I’m not gonna bother reading Pitchfork’s review of The Shins’ new record. I can’t see why I’d waste the time. Reviews are moot, really, when a band lays claim with a pièce de résistance like Wincing The Night Away. They’ve proven themselves, it’s over: now you just blindly consume the remainder of their canon and judge the music for yourself as it's integrated into the soundtrack of the rest of your life. The most you can do, at that point, is just hope the band doesn’t fall apart, or lose that hunger for the craft too soon and start putting out records like Face Dances, or hiccupping gross catalog missteps like The Final Cut.
My wager is, that won’t happen to The Shins. But then again, can you even call them “The Shins,” anymore? The whole band’s been sacked. Now it’s sort of just, “James Mercer and co.,” really, who these days either IS getting produced by Danger Mouse or . . . is NOT getting produced by Danger Mouse.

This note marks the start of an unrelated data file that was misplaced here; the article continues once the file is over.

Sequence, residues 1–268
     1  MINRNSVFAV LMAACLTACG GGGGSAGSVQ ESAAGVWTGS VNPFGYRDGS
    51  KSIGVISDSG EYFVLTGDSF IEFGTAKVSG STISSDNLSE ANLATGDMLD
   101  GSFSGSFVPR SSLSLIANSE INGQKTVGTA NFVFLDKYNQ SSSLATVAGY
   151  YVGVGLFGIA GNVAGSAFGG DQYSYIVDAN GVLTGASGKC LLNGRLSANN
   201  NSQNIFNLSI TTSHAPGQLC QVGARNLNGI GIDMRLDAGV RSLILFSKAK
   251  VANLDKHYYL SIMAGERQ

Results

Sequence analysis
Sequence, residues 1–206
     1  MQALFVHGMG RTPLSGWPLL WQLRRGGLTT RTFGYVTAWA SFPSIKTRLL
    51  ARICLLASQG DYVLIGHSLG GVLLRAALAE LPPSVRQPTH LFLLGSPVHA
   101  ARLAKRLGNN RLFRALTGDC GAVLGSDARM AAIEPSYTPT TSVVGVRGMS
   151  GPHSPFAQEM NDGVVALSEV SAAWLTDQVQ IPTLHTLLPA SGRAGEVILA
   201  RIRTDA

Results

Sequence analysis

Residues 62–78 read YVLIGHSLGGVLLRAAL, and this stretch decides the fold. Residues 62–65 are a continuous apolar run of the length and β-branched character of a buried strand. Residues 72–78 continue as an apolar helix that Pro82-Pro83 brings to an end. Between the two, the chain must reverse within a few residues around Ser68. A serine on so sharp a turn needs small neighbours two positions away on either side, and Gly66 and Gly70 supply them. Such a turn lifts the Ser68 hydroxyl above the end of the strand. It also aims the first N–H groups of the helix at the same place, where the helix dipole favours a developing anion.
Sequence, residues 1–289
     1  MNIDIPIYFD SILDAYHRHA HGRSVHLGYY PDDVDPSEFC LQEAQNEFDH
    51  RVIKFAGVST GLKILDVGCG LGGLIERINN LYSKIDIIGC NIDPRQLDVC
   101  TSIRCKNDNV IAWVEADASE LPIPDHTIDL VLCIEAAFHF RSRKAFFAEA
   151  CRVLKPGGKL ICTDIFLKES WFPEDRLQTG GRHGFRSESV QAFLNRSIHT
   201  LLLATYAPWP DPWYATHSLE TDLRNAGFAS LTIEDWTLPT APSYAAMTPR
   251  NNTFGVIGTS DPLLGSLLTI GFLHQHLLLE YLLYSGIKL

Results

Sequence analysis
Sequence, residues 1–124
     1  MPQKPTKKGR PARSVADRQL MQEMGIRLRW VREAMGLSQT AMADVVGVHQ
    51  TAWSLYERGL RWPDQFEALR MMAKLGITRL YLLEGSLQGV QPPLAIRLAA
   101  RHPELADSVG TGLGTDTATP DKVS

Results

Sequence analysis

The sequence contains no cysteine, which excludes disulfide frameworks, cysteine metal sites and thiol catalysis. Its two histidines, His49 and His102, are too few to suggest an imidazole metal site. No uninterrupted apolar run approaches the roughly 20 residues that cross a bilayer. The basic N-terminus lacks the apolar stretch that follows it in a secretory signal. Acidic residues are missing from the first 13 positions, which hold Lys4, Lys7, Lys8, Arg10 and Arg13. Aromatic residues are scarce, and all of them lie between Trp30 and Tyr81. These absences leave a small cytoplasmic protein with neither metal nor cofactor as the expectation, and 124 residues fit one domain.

Anyway, Mercer took the old Tower Theater stage with this brand new group of musicians, who go by “The Shins,” and who powered brightly through a 16-song set, saturated in deep primary colors, and presided over by that commanding feathered Hopi silhouette, perched atop their latest cover artwork. And, I hadn’t heard Port of Morrow yet, but tracks from that record comprised about a third of their set, which also offered up crowd-pleasers from their other three records including a harrowing version of “New Slang,” furnished with another whole dimension of feeling by new lead guitarist Jessica Dobson’s haunting harmonies on that catchy chorus of self-pity.
After a break, Mercer reprised with a spot-lit, solo performance of “Young Pilgrims,” before the musicians regrouped for the last two cuts of the encore, bookending the whole show with the first two tracks from their good old debut record.
“Young Pilgrims,” old debuts, “New Slang,” and new album cuts, a veteran songwriter with a new band in an old theater, and it all sounded just great.